Terror In India: More than 100 Killed

Aides to President-elect Barack Obama say he's called Secretary of State Condoleezza Rice on the situation in Mumbai, India, after a series of deadly terrorist strikes.
Obama and the Bush administration have condemned the coordinated attacks that have left more than 80 dead and at least 120 injured.
President Bush says the U.S. stands ready to assist the
government of India.
At the State Department, a spokesman says all Americans
officials are safe at the U.S. Consulate in Mumbai. He did not
address reports that Westerners may been targeted in the attacks or
were being held hostage.
A U.S. counterterrorism official says it's too soon to conclude
who was behind the attacks but that Islamic extremists would be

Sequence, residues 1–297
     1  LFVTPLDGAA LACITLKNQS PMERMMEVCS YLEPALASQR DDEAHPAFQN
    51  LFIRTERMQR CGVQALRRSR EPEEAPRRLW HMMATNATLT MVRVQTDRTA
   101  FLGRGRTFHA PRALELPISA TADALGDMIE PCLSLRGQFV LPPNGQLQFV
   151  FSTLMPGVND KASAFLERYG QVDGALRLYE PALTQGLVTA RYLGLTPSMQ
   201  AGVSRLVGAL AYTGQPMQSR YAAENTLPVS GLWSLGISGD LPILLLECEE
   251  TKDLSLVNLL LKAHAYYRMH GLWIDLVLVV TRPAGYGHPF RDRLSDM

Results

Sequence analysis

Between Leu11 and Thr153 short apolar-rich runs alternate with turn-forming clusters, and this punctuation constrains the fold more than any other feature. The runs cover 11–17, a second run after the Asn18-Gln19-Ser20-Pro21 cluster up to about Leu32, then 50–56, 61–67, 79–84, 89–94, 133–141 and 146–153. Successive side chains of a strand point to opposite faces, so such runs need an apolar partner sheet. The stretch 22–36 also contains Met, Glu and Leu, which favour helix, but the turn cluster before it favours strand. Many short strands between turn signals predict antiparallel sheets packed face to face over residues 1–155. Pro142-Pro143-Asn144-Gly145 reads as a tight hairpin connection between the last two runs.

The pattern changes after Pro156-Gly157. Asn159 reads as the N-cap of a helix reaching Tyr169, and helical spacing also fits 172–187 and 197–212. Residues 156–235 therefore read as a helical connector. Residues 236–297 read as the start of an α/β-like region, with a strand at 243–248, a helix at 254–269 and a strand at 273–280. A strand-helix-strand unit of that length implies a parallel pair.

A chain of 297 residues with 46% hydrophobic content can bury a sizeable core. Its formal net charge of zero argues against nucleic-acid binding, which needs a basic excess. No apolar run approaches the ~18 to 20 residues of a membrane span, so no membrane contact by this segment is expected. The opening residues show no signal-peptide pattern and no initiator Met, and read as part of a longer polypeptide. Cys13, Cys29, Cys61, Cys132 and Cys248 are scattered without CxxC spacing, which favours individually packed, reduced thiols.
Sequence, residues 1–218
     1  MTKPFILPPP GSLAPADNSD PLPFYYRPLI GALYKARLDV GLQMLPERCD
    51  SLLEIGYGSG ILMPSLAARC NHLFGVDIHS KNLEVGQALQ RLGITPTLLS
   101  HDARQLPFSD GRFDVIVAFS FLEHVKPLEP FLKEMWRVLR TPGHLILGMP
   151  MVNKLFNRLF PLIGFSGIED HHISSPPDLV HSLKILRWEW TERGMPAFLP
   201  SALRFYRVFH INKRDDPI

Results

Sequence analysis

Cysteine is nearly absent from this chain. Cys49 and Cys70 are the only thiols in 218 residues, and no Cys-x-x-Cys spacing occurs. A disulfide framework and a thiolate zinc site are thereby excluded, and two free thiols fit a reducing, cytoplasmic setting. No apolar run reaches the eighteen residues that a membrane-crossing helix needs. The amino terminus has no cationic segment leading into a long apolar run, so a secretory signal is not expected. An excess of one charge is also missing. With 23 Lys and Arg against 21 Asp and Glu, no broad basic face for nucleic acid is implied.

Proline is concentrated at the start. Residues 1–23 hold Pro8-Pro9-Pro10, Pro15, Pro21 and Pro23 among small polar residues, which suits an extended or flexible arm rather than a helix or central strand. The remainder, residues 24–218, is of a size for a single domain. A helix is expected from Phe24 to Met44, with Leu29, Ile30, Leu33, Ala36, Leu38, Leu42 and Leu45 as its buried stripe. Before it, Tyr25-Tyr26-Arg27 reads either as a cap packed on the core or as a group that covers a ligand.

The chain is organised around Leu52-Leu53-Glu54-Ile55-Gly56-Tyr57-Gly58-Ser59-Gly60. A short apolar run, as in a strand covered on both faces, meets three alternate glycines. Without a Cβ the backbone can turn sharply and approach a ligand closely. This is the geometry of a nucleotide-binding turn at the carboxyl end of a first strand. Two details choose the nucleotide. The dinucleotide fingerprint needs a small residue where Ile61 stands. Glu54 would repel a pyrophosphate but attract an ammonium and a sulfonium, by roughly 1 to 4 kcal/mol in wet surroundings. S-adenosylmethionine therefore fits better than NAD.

high on the list of suspects.

Police with loudspeakers cleared the area
around Mumbai's Taj Mahal hotel, as fresh gunshots ring out from
the area.
Ambulances drove up to the entrance to the hotel and journalists
have been moved even further back from the area.
Teams of gunmen stormed luxury hotels, a popular restaurant,
hospitals and a crowded train station late Wednesday in coordinated
attacks across India's financial capital, killing at least 101
people. Police also says the attackers took Westerners hostage.
A group of suspected Muslim militants has claimed

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